In various studies, the contraction detection was visually performed, which is a time-consuming task [9,20]. Considering this, automatic contraction detection methodologies are sought as a step forward in the general framework of EHG processing—namely, in preterm risk evaluation, propagation studies, and contraction classification.
The present report describes five different contraction detectors (delineation included) based on the EHG energy bursts—a feature that stands out due to the increased cell-to-cell communication mechanisms leading to extra contractile activity.
The best result was obtained with the squared RMS estimation. Notwithstanding the relatively lower score of the Teager operator, this estimator was shown to be able to delineate long-duration EHG events, a feature that could be explored in future work. All the used estimator algorithms have low computational cost, making them a good choice for mobile platforms, having in mind home-based contraction monitoring.
A closely related study [2] that used an expert visual scoring method and the IUP as a reference reports a sensitivity of 94.2% and a positive predictive value of 87.6%. These results cannot be directly compared to those reported herein, due to the different scoring methodologies and all the subjects in the referred study being in active labor, and thus not in the context of continuous pregnancy monitoring.
In another related study [25], where a nonlinear correlation coefficient was used as a feature for contraction detection, the reported detection rates were 62.5 % (full detections), 37.5% (partial detections), and 100% (total detections). Comparatively, in the present report and selecting the best delineator/detector as the squared RMS, a contraction accuracy of 97.15 ± 4.66% and a delineation accuracy of 89.43 ± 8.10% are featured. The assessment of these comparative results should be made carefully, taking into account the different expert scoring methodologies.
The present work is a contribution to research on automatic contraction detection methodologies. It uses the most evident feature in a uterine contraction event: an energy burst. A layer of complexity is added due to the non-stationary nature of these energy bursts and the basal uterine activity from where they stand out. Unlike electrocardiograms, where predefined components whose wave shape is recognized and for which classification standards already exist, in the EHG case no benchmarks are yet available regarding wave component delineation and features. To summarize, this work presents five different energy burst delineation methods that have been widely used for other biomedical signals. Despite the low computational complexity of the presented methods, this study still fills the gap of the application of these well-known processes, with the advantage that they are fast and stable algorithms. A demand for EHG contraction detectors and delineators methods is forecast. The still-missing standardization rules regarding EHG analysis is a serious challenge in studies of this nature, and it is expected that the ever-increasing reports will eventually lead to some peer-agreed classification rules.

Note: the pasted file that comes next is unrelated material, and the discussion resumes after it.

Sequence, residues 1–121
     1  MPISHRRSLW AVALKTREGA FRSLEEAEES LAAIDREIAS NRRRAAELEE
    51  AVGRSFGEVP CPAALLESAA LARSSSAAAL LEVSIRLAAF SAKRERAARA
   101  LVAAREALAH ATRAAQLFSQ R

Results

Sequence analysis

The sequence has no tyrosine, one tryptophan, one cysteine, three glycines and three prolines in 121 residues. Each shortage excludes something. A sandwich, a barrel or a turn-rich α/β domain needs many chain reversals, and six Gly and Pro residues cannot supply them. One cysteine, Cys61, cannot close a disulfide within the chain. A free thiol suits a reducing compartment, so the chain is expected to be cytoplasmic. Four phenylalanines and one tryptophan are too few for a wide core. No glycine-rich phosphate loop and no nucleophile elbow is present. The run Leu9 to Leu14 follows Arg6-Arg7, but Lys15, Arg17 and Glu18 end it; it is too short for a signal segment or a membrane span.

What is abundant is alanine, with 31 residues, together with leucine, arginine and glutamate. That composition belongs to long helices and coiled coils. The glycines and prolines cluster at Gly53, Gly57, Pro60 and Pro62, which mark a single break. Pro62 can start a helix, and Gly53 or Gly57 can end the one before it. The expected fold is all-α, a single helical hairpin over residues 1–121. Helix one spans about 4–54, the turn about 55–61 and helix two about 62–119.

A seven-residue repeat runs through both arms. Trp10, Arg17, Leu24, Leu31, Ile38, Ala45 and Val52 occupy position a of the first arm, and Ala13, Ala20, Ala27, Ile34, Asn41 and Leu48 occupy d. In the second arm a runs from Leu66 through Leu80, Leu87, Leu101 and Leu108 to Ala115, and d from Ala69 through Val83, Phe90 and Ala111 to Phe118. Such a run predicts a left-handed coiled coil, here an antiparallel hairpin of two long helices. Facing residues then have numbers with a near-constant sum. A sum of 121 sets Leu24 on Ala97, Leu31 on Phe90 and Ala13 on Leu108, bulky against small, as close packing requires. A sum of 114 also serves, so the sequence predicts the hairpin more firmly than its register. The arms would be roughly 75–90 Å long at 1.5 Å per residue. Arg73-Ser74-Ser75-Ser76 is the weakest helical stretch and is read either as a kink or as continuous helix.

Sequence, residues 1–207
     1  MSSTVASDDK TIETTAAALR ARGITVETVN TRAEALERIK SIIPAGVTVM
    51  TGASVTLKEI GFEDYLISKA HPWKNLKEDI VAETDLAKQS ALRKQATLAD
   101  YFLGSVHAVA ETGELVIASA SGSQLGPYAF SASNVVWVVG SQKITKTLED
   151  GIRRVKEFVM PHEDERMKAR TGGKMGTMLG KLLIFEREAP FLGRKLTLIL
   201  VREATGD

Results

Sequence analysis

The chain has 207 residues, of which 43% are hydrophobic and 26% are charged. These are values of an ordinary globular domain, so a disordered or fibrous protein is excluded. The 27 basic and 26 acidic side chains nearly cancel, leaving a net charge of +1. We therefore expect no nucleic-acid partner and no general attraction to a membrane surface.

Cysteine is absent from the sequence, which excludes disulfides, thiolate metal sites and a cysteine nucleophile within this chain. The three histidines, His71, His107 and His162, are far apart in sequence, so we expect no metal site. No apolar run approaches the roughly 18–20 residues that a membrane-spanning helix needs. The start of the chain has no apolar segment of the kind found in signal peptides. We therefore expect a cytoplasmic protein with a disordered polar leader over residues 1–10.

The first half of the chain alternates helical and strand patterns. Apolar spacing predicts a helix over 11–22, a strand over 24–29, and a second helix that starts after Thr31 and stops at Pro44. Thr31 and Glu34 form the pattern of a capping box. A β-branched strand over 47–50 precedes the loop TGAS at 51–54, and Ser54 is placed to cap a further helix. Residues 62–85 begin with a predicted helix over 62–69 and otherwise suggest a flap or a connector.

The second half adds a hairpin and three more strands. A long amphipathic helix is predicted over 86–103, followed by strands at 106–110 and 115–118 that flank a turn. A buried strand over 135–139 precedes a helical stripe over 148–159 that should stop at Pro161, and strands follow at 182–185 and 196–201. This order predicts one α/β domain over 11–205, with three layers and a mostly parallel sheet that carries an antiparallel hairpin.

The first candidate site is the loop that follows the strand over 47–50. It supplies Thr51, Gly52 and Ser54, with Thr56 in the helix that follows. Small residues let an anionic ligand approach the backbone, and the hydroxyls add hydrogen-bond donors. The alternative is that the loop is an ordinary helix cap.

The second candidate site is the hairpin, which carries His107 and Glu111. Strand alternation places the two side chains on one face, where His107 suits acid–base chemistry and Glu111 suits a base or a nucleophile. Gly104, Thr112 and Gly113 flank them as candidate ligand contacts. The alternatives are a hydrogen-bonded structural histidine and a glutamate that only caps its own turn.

Author Contributions

Conceptualization, F.E., A.G.B., H.M., S.R., C.R.P.d.R., F.S., V.V. and M.D.O.; Funding acquisition, A.G.B., V.V. and M.D.O.; Investigation, F.E., A.G.B., H.M., S.R., C.R.P.d.R., F.S., V.V. and M.D.O.; Methodology, F.E., A.G.B., H.M., S.R., C.R.P.d.R., F.S., V.V., and M.D.O.; Project administration, A.B., V.V. and M.D.O.; Resources, F.E., A.G.B., V.V. and M.D.O.; Software, F.E., A.G.B., S.R. and M.D.O.; Supervision, A.G.B., H.M., V.V. and M.D.O.; Validation, F.E., H.M., S.R., C.R.P.d.R., F.S., V.V. and M.D.O.; Visualization, A.G.B., H.M., M.D.O. and F.S.; Writing—original draft, F.E. and A.B.; Writing—review and editing, F.E., A.G.B., H.M., S.R., C.R.P.d.R., F.S., V.V. and M.D.O. All authors have read and agreed to the published version of the manuscript.


This work was partially funded by Portuguese National Funds through the FCT—Foundation for Science and Technology under the projects UIDB/00066/2020 (FCT) and UID/MAT/04561/2019. In addition, it was also funded by FCT and NMT, S.A in the scope of the project PD/BDE/150312/2019.

Conflicts of Interest

The authors declare no conflict of interest.


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Figure 1. Representation of the Icelandic electrohysterogram (EHG) database channels disposition [31]. The blue arrow is the selected channel for this work.
Figure 1. Representation of the Icelandic electrohysterogram (EHG) database channels disposition [31]. The blue arrow is the selected channel for this work.
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Figure 2. Diagram of the contraction detection algorithm. Five different detection methods are used along with amplitude threshold criteria and a final outlier eliminative process.
Figure 2. Diagram of the contraction detection algorithm. Five different detection methods are used along with amplitude threshold criteria and a final outlier eliminative process.